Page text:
No call was given. Two days crawled by – no doubt with my mother, who also had failing health, worried senseless about me or why I never called back… Skaggs returned to my cell front to apologize and let me know that “Higher up” reprimanded him for what he did and that I had to take it up with his superiors. No call was ever given.

By now it is known by the oppressors that I am in a bad state of mind on top of being in solitary – time to ply their trade: my mail is held ridiculously long periods of time, more “shake downs” of my cell, cold food… Then a suicide occurs and another liver failure which I expose, and the “big guns” come out: The day following my exposure of a young man’s suicide, (see “Dropping Like Flies”) I am approached by a female sergeant at my cell front close to ten-o’clock night-time and asked my statement on a bogus case. A case alleging I committed an offense in public at 9pm that night. Then I am ordered to strip out of my clothes, put on only boxer shorts, submit to restraints and go to level 2 without my property, without due process…

I am now housed surrounded by screaming, raving offenders who are the poor souls that have long ago lost themselves to the cruelty, the oppression and torture of TDCJ. Now they themselves are used as tools of torment… no way to find sleep, the smell of fecal matter, urine and bodies unwashed for mont… this is how Texas fights activism, this is Texas Justice. I am not to be broken, I have been lucky to land here… the terrible cruelties that I witness here will find a voice to the people who make the struggle possible. I worry that my health is at risk, and if I fall silent, it may be that they have stopped mail, or taken a step further…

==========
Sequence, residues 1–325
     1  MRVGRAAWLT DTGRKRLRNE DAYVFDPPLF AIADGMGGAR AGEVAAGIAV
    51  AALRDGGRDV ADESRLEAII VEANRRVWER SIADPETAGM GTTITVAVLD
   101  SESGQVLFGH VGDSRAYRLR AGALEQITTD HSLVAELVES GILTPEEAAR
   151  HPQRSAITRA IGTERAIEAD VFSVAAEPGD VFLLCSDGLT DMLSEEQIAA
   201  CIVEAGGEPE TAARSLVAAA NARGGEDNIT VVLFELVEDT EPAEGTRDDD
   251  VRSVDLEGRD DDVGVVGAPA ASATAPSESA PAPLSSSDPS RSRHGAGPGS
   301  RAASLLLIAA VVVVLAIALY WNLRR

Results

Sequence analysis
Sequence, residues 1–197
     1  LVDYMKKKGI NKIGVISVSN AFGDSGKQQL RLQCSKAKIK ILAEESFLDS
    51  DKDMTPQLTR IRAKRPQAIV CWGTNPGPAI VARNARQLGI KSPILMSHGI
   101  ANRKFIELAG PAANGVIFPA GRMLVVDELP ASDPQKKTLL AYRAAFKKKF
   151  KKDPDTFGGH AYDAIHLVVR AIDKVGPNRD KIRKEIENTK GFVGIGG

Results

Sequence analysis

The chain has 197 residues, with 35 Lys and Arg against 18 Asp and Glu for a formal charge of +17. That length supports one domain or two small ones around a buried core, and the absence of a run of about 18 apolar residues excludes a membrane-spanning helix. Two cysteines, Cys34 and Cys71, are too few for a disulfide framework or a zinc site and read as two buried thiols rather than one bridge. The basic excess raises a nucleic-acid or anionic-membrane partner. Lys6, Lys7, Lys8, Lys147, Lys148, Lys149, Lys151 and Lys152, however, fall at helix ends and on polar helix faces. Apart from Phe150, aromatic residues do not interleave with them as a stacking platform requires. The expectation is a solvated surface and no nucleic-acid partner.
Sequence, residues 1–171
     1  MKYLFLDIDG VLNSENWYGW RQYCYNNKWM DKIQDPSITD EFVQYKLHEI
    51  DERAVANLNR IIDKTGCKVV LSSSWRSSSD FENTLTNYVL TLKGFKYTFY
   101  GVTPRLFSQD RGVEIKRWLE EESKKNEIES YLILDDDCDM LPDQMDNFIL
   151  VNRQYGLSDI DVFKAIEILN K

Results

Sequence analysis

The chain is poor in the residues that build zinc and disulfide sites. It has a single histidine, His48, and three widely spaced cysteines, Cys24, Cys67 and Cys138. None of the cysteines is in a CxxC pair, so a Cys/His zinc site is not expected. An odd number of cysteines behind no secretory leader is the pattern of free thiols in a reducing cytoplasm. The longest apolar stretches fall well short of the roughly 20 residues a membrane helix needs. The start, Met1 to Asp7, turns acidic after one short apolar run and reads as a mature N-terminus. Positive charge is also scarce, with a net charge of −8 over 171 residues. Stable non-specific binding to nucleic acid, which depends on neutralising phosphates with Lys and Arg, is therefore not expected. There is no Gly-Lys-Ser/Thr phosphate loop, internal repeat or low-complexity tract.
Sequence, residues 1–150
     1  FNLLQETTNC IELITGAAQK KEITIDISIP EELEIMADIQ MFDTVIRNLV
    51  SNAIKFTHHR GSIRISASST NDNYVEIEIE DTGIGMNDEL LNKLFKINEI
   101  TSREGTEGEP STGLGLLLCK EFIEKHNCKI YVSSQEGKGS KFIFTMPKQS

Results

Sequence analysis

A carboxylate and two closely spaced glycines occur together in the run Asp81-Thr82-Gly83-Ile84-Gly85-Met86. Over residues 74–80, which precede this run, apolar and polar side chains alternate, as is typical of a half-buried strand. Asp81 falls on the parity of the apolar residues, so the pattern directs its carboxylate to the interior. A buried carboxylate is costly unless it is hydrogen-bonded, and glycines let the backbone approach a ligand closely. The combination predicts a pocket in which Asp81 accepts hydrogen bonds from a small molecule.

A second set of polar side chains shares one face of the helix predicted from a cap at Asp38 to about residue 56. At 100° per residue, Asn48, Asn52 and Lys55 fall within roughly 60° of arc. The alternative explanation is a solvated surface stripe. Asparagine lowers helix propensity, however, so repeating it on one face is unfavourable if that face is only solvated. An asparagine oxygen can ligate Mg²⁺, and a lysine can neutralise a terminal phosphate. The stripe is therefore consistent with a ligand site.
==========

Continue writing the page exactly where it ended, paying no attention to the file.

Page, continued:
I have gotten word Comrade Malik is very sick. (Following the triumph in federal court?) Please follow up on his condition and care under TDCJ custody – mine also. Today I had to stop every officer working, sergeant “Brown” still was left, for close to 4 hours dealing with chest pain and dizziness before being escorted to medical where my blood pressure was in the red! None of my medication was brought to my new cell. My concerns for my health and safety are very real, these people aren’t happy – looks like I’m doing my job. Struggle not and you are but a slave!

Revolutionaries, you are the voice to protest and with a great love for the people and mighty rage against oppression I shall struggle until I’m free or dead. Fight the power! Fight for freedom! Fight toxic prisons!!